We would like to thank volunteer Timothy Ruppert for the images and descriptions of the National Cryptologic Museum.

National Cryptologic Museum Entrance

Jade and Purple Encryption Machines

Japanese created cypher machines based on the Japanese Katakana alphabet. Though the machine used switches to generate high-level encryption, they could not be removed and rearranged, which limited the machine’s capabilities. Messages created by Purple, which differed from Jade in that it included a plugboard, was later deciphered by the U.S. Army.

National Security Agency. “National Cryptologic Museum.” National Cryptologic Museum Exhibit Information, National Security Agency, 24 June 2016, www.nsa.gov/about/cryptologic-heritage/museum/exhibits/#jade-purple.

WWII Kana Typewriter

Purchased by the Office of Naval intelligence in order to assist with deciphering Japanese Morse-code, this typewriter was developed so that the keys included the kana characters of the Japanese Morse code alongside their lowercase English counterparts.

Gessler, Nicholas. “Collections in Cryptology.” Duke University, 11 Nov. 2017, people.duke.edu/~ng46/collections/crypto-underwood.htm.

SP 600 Super Pro Receiver

Code Talker Receiver

Receiver used during WWI by the United States Code Talkers, which involved the speakers of many indigenous languages, including most notably Navajo, to protect radio communication amongst American forces.

National Security Agency. “National Cryptologic Museum.” National Cryptologic Museum Exhibit Information, National Security Agency, 24 June 2016, https://www.nsa.gov/about/cryptologic-heritage/museum/exhibits/#code_talkers.

Tunny Machine

The Tunny machine was a portable German Army machine capable of simultaneously enciphering and transmitting messages. The machine was based on the Baudot cipher and was later cracked by the British with the help of their programmable computer Colossus.

National Security Agency. “National Cryptologic Museum.” National Cryptologic Museum Exhibit Information, National Security Agency, 24 June 2016, https://www.nsa.gov/about/cryptologic-heritage/museum/exhibits/#tunny-sturgeon.

Colossus

One of the world’s first programmable computers, Colossus, was built by the British to decipher the German enciphered codes created by the Tunny machine. The original Colossus went operational early 1944, with the second, faster version, going operational a few months later.

National Cryptologic Museum Foundation. “Colossus Artifact.” National Cryptologic Museum Foundation, 11 Nov. 2017, cryptologicfoundation.org/visit/museum/acquisitions/acquisitionarchivessection/individualequipmentitems/colossus_artifact.html.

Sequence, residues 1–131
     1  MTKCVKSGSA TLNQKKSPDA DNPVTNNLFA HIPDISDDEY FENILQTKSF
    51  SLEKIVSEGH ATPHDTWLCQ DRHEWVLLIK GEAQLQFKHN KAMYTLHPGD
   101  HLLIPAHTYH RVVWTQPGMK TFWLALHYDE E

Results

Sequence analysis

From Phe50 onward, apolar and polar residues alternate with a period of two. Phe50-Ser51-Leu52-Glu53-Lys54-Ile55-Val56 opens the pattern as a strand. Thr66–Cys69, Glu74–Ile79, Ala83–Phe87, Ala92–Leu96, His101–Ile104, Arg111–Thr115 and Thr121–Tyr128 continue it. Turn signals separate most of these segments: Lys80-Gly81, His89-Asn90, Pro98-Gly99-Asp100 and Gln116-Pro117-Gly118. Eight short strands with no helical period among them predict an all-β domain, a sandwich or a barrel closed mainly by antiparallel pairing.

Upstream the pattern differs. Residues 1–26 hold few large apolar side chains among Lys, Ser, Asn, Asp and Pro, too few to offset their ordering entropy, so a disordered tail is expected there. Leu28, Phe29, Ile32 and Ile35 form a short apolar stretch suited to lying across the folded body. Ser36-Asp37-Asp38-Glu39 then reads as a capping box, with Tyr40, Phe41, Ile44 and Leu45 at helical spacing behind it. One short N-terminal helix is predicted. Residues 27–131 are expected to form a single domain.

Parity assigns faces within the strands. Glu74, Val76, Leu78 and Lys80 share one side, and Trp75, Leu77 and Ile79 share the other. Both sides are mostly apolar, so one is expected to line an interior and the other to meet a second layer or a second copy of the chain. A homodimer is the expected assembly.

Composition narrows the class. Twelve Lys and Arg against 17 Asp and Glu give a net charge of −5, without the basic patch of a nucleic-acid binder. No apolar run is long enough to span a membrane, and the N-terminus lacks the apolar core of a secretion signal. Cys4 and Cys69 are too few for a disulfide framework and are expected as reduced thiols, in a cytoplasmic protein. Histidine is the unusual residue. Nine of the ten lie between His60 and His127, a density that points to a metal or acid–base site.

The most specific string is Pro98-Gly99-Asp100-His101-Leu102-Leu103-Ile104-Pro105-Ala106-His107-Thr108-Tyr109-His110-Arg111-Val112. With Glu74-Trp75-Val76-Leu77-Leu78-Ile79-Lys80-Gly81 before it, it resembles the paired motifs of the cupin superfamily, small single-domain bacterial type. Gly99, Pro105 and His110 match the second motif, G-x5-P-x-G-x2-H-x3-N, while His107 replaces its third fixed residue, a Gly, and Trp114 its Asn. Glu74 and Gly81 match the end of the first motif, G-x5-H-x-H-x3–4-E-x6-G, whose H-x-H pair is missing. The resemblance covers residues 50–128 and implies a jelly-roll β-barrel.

Danish Cipher Device

Cipher disk used by the Danish Ministry of the Interior which used a polyalphabetic substitution method for enciphering messages.

Proc, Jerry. “CIPHER DEVICE – EARLY WESTERN EUROPEAN.” The Web Pages of Jerry Proc, 2012, www.jproc.ca/crypto/disk_cipher_western_european.html.

Hebern Electric Code Machine

This was a rotary-based machine which could encipher and decipher messages by transmitting electrical impulses across the switchable rotors.

National Museum of American History. “Hebern Electric Super Code Cipher Machine.” National Museum of American History, 11 Nov. 2017, americanhistory.si.edu/collections/search/object/nmah_694514.

PACE TR-10 Analog Computer

Believed to be the first transistorized desktop analog computer usethe manipulation of knobs, switches, and wires.

Proc, Jerry. “PACE TR-10 Analog Computer.” The Web Pages of Jerry Proc, Nov. 2017, www.jproc.ca/crypto/pace_tr10.html.

Electronic Associates Inc. Pace TR-10 Analog Computer. Electronic Associates Inc, Pace TR-10 Analog Computer, www.analogmuseum.org/library/eai_tr-10.pdf.

Tractor Tape Cartridge

The Harvest computer was developed by IBM and included many commercially available parts, as well as some made specifically for both the NSA and the Atomic Energy Commission. This photo depicts the TRACTOR tape storage system, capable of a read/write speed of 1.4 million characters per second, used on the Harvest computer.

National Security Agency. Estimated Cost of HARVEST System. National Security Agency, 1957, Estimated Cost of HARVEST System, www.nsa.gov/news-features/declassified-documents/nsa-60th-timeline/assets/files/1950s/19570517_Doc_Acc23146_Estimated.pdf.

IBM. “(IBM) Tractor Tape Cartridge.” IBM Archives, 11 Nov. 2017, www-03.ibm.com/ibm/history/exhibits/attic3/attic3_020.html.

U.S Naval Forces Vietnam Patch

1st Radio Research Company Cam Ranh Bay Patch

US Army Security Agency Patch

The U.S. Army Security Agency emerged in 1945 after a reorganization of the previously created Signal Security Agency. The organization carried out electronic intelligence and electronic warfare, particularly during the Vietnam War.

National Security Agency. “Orgins of the Army Security Agency.” National Security Agency, 3 May 2016, www.nsa.gov/about/cryptologic-heritage/vigilance-park/origins-of-asa.shtml.

US Army 265th Radio Research Command Patch

STS-4 Mission Patch

Launched in June 1982 with the crew members Mattingly and Hartsfield, the Columbia also included a classified DoD payload as well as experiments from university students.

Ryba, Jeanne. “STS-4.” NASA, NASA, Nov. 2017, www.nasa.gov/mission_pages/shuttle/shuttlemissions/archives/sts-4.html.

Operation Desert Storm Patch